Another advent of baseball and the radio in the 1920s was the “color man” or “color commentator”. Nowadays, this commentator is usually a former player or coach who can put the game in a different perspective than the play-by-play announcer, to add a more personable story to the onslaught of statistics and pitch counts. Graham McNamee became the first color announcer in the 1923 World Series, when play-by-play announcer Grantland Rice handed the microphone over to him in the third game of the series. This broadcast was historic not only for the fact that it was the first World Series to be broadcast nationally, but also for what McNamee did for radio broadcasts. Well aware that the game was being seen in the imaginations of fans everywhere, McNamee did his best to “paint a picture” using sound and story-telling techniques to make the listener feel as he was there.
As radio’s “Golden Age” continued, the popularity of baseball grew. Clear channel stations in cities like New York, Boston, Detroit and Chicago began broadcasting every game, and in 1934, the World Series was sponsored for the first time. Baseball’s commissioner Judge Kenesaw Mountain Landis had a firm hand on sponsors and broadcasters during this early period, a practice that continued well into the television age.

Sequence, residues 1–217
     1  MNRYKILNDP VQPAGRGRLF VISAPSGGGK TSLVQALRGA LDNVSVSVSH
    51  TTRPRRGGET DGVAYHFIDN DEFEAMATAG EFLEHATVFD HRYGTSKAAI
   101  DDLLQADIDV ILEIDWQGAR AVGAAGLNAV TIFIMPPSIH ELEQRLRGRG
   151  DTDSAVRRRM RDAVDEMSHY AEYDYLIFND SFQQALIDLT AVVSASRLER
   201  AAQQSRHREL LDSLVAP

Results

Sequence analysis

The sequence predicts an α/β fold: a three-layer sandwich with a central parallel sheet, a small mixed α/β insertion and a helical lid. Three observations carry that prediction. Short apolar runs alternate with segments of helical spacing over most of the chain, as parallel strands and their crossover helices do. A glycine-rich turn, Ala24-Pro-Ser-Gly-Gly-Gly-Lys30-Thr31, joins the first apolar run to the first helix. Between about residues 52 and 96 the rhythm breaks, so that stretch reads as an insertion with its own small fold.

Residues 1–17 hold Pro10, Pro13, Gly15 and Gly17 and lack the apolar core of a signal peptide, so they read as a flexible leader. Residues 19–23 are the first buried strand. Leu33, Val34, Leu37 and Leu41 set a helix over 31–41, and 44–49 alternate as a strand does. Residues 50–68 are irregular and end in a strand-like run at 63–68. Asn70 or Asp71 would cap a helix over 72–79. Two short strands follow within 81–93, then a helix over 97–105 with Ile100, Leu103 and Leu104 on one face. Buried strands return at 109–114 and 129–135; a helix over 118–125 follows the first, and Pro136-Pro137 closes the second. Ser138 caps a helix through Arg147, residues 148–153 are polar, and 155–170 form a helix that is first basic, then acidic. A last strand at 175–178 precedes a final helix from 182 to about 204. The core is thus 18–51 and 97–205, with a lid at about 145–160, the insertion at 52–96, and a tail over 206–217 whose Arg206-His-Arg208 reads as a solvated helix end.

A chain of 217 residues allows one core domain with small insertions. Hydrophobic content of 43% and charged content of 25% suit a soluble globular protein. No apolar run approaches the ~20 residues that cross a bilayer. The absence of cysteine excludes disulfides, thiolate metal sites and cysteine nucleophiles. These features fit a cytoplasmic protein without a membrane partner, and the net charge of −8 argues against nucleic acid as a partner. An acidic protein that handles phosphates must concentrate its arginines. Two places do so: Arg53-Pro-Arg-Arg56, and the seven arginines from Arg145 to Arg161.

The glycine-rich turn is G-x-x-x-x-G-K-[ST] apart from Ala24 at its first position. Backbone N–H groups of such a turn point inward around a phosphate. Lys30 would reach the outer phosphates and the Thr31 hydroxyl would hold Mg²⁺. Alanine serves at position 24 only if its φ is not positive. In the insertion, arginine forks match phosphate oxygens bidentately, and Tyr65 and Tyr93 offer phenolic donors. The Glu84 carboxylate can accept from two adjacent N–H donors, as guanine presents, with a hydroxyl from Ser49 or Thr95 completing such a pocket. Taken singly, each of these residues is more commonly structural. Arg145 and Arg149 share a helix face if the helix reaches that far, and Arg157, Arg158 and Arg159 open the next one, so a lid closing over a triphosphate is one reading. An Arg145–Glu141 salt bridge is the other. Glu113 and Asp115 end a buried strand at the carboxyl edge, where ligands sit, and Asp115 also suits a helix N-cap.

Not only was baseball on the radio lucrative for station owners and teams, it had a special impact on the audience. In the 30s, it was sometimes possible to walk down a neighborhood street and not miss a second of a game, as it was blaring loudly from a portable radio on many front stoops. Announcers captured the minds of a young generation of fans and created a shared experience of listening and the imagination. Author Pete Hamill, a novelist and journalist, recalled his experience growing up in Brooklyn: “[it] was something that involved gray scoreboards, Red Barber, peanuts…Gladys Gooding at the organ…the crack of the bat…beer, hot dogs, and laughter.” Legendary sportscaster Vin Scully echoed the same sentiment, recalling summer days of playing sandlot baseball, then sitting in the shade of a tree and listening to the broadcast of the local baseball game. This sort of activity inspired Scully to pursue a job as a sportscaster , which brought him to the Brooklyn Dodgers, and then to the Las Angeles Dodgers, where he has remained a staple of baseball broadcasting since 1959.
Today, the radio is experiencing a re-birth in regards to baseball. Now, you can listen to your favorite team, and the home radio station, from anywhere in the world. And if you happen to be close to your favorite team, you can tune into your local AM or FM station that carries the games. Though the technology is different, the way it is broadcast remains the same, allowing radio fans everywhere to experience this same thing that fans have experienced for almost a century.